Changing our Perspective on Vaccinations – thanks to Serge Benhayon

By Penny Scheenhouwer, Brisbane

Growing up, I had all the recommended vaccinations. My mother never questioned the wisdom of vaccinations, or indeed any other recommended medical tests or treatments of the time, for any of our family.

When I was 18, my mother was diagnosed with breast cancer. At this time she started a very different relationship with medicine. She started to look at all the natural and alternative medicines. As she went along this path, she began to dismiss much about conventional medicine and what it had to offer. I watched her go into complete remission (medically stated) using ‘natural’ methods, and I found this very inspirational.

Through this process I began to read many of the books that she had (and she had literally hundreds). I too began to see things in a ‘different’ way than I had before. Somewhere along the way my mother became anti-vaccination and I too took on her anti-vaccination stance, after reading much of the material that supported that stance.

I decided that the harms of vaccination seemed to far outweigh getting a disease. I came to the decision that if I ever had children, I would not vaccinate them and intentionally put them at risk.

At the age of 35 I had my daughter. Both my husband and I had no intention of vaccinating her, and we did not. Just before her 3rd birthday she contracted chicken pox – a very bad case. From that I began to question whether or not we should have vaccinated her, after the doctor stated that the vaccination may have prevented the disease, or at the very least she would have only had a mild case.

I had met Serge Benhayon a few years previously, at the age of 31. In a conversation with Serge not long after my daughter’s illness, I asked whether we should vaccinate our daughter or not and what his views on vaccination were. His reply was that he could not and would not tell us what to do, but that he knew vaccinations do what they are supposed to do and that all his children had been vaccinated.

Following this, my husband and I talked and decided to vaccinate our daughter. Still caught up in the fear a little, we vaccinated her for everything except MMR (measles, mumps and rubella). Although we vaccinated our daughter, we never took responsibility for our selves and our own health, and did nothing to ensure that our own vaccinations were up to date.

Over time even this attitude has changed. We recently chose to vaccinate our daughter for MMR, as well as travel vaccinations. Not only that, but my husband and I also got all the shots we needed to bring ourselves fully up to date.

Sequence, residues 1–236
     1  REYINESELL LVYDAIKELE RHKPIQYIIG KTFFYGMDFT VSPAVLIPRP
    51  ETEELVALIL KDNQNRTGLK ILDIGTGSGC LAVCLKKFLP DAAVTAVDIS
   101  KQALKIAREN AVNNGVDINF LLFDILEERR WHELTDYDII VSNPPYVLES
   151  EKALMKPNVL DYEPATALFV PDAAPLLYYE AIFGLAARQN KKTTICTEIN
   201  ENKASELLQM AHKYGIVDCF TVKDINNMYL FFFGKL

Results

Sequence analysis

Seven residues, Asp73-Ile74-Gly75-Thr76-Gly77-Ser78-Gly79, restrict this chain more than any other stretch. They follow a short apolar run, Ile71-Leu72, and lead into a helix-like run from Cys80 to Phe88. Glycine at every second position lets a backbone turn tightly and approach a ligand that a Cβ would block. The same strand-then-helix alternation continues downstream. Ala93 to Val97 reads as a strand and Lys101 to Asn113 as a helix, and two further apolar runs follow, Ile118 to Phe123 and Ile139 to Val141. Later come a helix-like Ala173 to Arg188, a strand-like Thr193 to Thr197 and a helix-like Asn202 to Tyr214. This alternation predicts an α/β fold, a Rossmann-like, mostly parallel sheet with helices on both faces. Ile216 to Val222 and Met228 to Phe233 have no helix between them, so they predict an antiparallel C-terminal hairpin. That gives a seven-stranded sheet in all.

If it were not for the support and wise words of Serge Benhayon, offering us a greater perspective upon which to make our decision, my husband and I would never have vaccinated our daughter. We understand now that this put not only her at unnecessary risk of preventable diseases, but also others in the community. Our initial choice not to vaccinate was made out of fear, and not wishing to do her harm, but there is a bigger picture here, one that includes us all.


You can read more about Serge Benhayon’s views on vaccination on the blog “Serge Benhayon on vaccination – choice and responsibility”. 

397 thoughts on “Changing our Perspective on Vaccinations – thanks to Serge Benhayon

  1. We must never forget the fact that our vaccinations of today prevent diseases that in the past that have caused the deaths and the maiming of many.

  2. There’s a breadth and depth of responsibility to bring to the anti-vaccination case that this article has beautifully outlined. In many ways, it was a blessing your daughter became so ill – it’s this kind of ‘hits home’ incident that can help us take the blinkers off.

  3. I was not vaccinated when I was young but chose to make sure my children had all the appropriate shots, this had a lot to do with Universal Medicine’s positive attitude towards vaccinations. As you say, it’s about the whole community and it can be done in a way that still honours you and your child.

  4. It’s interesting how easily we can be swayed by the beliefs of our family and hold strong to something that can be unsupportive when truly addressed. I have heard of many that have been against conventional medicine in some form only to come to Universal Medicine and begin to change their mind… seeing the healing power in conventional medicine especially when combined with the wisdom and self responsibility of esoteric principles founded on what’s in the best interest of the all not just the self…. A movement towards the all that is healing in itself.

  5. Without vaccinations we would still be dying from preventable diseases, and when we choose not to have our children or ourselves vaccinated we are contributing to the resurgence of these diseases as is happening in the UK with Measles. We seem to think they are relatively harmless because of growing up in a time when there were very few cases of them due to vaccinations. There is not the living memory of the devastation these diseases can cause so we have become complacent and irresponsible, thinking it won’t matter if our kids aren’t vaccinated. But it really does.

  6. When we make a choice that only considers the individual we forget that we are all part of the one humanity.

  7. I was just having a conversation about vaccination with a family member yesterday. What came about in the conversation was that most of the reaction to vaccination was to do with the pharmaceutical industry and the trust that had been lost in them rather than vaccination itself. It just showed me how we can overlook something great if we have a hurt in the way of seeing truth.